Push against Wall (So if you don’t push yourself on this one it isn’t hard, but what you do is literally push against a wall as if you want to move it!)
Lateral Shuffle, Sprawl, Sit Thru (So shuffling in a semi-circle, at random points drop to the ground and perform a sit thru, which is an ab move where you lift your left hand and bring your right foot up to replace your hand and literally “sit through.”)
Bag Carry (Take a heavy bag, sandbag or any other awkward heavy bag and bear hug it and walk around quickly.)
Sidewinders (Using a two-inch, 50 ft rope, stretched out all the way, rotate side to side creating waves like a snake moving over the ground. A total ab killer!)
Woodchop Sit ups (Hold a weight with both hands over your right shoulder. Knees bent, sit up and drive the weight across down to your right hip. Then lay back down and repeat)
Glute bridge with twist and reach (In a glute bridge reach your right hand as far back over your head on your left side as you can. Then come back center and reach your left hand across your body and as far overhead to your right as you can.)
Super good! AND lots of different ways to move!
Anyone else have any random exercises that they love that look kind of stupid and not that hard but are actually KILLER?
So as you all know…I don’t like cardio very much.
Yea….yea…I know I’ve told you this a bazillion times before.
However, cardio conditioning IS an ESSENTIAL part of your workout program.
Put that doesn’t mean you should just throw in some jogging for a few minutes before or after your strength.
It doesn’t mean you should go out and run a bazillion sprints.
It doesn’t mean you should spend hours on the treadmill!
It means you should lay out a plan and make sure that you properly progress yourself through all three energy systems. (Starting to see a theme here?…Maybe a PLANNING or PROGRESSION theme!?!)
You may now be asking yourself…”Three energy systems?”
YEP! There are three different energy systems that you want to work when you do cardio conditioning and each has a separate, but equally valuable, part to play.
By varying which energy zone you use during your conditioning, you can vary the intensity of your workouts to prevent yourself from overtraining.
Ok…so to start, let’s discuss all three energy zones – the aerobic, lactic anaerobic and alactic anaerobic.
The zone all beginners need to start in and the zone that all athletes need to return to keep from overtraining and to keep their base strong is the aerobic zone.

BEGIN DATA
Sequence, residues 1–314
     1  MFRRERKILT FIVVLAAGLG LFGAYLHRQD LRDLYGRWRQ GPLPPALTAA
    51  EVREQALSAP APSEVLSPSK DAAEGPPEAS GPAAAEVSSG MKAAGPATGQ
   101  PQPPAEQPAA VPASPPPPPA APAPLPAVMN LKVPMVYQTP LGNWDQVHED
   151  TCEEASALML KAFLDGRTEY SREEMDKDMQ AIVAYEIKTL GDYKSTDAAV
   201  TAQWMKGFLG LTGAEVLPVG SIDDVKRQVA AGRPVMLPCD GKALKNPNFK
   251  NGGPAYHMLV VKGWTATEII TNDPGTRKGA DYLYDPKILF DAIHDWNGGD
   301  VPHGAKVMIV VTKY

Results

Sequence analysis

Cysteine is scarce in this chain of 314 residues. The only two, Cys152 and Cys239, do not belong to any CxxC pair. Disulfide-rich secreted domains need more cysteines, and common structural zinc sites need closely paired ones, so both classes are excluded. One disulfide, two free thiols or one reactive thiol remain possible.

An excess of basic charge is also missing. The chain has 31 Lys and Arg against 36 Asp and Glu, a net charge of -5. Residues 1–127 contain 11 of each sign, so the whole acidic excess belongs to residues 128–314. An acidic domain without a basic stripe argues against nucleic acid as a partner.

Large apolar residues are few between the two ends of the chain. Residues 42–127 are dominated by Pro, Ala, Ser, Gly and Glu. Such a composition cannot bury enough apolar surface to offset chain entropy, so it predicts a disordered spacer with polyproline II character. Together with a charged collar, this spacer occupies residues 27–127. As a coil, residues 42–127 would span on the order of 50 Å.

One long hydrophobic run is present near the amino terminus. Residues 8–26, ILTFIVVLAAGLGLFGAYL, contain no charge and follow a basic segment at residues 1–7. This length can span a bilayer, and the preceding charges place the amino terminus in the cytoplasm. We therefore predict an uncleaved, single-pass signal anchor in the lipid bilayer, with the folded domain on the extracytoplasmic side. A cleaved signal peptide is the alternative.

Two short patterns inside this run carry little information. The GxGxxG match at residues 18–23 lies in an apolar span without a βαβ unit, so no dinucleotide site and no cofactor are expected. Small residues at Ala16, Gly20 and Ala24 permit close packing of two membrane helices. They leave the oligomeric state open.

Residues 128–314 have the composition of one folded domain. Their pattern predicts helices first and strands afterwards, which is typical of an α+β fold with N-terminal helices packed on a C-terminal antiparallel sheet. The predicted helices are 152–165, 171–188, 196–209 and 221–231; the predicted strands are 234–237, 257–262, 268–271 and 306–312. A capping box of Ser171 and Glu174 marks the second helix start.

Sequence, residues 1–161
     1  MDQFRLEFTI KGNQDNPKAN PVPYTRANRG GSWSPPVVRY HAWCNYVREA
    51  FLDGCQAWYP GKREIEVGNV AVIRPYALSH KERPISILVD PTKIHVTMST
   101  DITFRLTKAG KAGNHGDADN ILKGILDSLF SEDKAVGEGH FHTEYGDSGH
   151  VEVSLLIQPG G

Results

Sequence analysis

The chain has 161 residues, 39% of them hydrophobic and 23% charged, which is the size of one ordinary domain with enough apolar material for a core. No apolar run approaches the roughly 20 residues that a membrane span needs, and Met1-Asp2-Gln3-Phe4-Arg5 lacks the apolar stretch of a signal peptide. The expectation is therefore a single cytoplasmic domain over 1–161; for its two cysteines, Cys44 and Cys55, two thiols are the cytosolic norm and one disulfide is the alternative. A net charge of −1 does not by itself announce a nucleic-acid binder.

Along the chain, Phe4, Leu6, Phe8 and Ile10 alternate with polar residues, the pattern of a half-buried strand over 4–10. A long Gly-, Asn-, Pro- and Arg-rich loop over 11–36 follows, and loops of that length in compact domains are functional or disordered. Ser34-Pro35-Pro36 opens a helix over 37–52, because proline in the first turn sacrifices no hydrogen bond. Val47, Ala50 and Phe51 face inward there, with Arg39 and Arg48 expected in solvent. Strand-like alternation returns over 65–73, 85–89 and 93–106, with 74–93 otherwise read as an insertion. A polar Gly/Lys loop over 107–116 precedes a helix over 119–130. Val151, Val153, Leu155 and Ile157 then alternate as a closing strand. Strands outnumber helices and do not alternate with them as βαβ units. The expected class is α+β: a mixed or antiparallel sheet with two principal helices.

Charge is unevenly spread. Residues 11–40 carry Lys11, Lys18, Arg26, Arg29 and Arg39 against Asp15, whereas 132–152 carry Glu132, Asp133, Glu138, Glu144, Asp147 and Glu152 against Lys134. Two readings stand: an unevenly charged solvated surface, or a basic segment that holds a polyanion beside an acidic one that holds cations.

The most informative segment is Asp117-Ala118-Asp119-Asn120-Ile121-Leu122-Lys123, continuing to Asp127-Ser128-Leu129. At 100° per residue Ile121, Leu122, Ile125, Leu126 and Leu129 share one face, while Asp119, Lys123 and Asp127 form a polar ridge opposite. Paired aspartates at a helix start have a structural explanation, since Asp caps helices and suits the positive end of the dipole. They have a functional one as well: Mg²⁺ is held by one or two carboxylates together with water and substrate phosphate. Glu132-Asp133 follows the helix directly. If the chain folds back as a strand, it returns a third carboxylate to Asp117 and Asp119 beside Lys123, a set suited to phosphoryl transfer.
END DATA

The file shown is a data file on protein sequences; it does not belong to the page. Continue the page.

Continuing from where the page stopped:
The aerobic zone is our more steady state cardio conditioning (consistent activity for about 2 minutes +). When working in this energy zone, your heart rate should be between about 65%-75% of your max heart rate.
In this zone, you work on improving the strength of your heart and your body’s oxygen delivery systems so that your cells can work to their full capacity.
You don’t need to run for hours to improve your aerobic conditioning.
For example, at the end of your workout, you could do two minutes of battling ropes with less than two minutes of rest between rounds for 5 rounds.
You could do constant locomotion (jogging, shuffling, high knees, skipping) for five minutes. (Trust me your heart rate gets up.)
Or if you do want to dedicate a whole day to conditioning, maybe you do jog, bike or walk slowly for 30 minutes to one hour. It can even be a leisure activity that you use as active rest.
However you decide though to get in your aerobic conditioning make sure that you do in fact do it. Too often people skip this step and go straight to the sprints.
And while I personally prefer sprints and such to longer bouts of cardio, those longer bouts of cardio ARE super important for athletes at all levels.
The next energy system is where we encounter the lactic threshold and start to tap into our anaerobic energy systems. It is called the lactic anaerobic.
Anaerobic energy systems supply us with energy for only short bouts of high intensity activity. Our anaerobic systems supply us with energy through chemical reactions that don’t require oxygen whereas the aerobic system does require oxygen.
This energy system, in which our heart rate is between 80-85% of our max, is best worked when we do a more intense bout of cardio for about 30 seconds to 90 seconds.